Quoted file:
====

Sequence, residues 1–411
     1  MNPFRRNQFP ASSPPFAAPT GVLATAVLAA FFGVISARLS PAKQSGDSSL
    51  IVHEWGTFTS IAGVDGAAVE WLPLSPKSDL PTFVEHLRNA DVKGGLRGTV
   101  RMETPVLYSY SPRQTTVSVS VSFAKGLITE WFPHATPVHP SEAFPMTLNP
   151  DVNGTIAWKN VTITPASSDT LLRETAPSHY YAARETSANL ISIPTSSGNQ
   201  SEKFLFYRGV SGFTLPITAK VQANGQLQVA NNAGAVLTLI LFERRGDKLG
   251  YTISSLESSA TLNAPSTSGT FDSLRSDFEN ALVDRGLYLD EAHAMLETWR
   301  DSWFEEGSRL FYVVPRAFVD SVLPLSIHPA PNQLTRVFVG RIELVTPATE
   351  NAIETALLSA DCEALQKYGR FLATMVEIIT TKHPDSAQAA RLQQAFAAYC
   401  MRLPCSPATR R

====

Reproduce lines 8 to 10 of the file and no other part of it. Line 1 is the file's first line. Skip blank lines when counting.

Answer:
   301  DSWFEEGSRL FYVVPRAFVD SVLPLSIHPA PNQLTRVFVG RIELVTPATE
   351  NAIETALLSA DCEALQKYGR FLATMVEIIT TKHPDSAQAA RLQQAFAAYC
   401  MRLPCSPATR R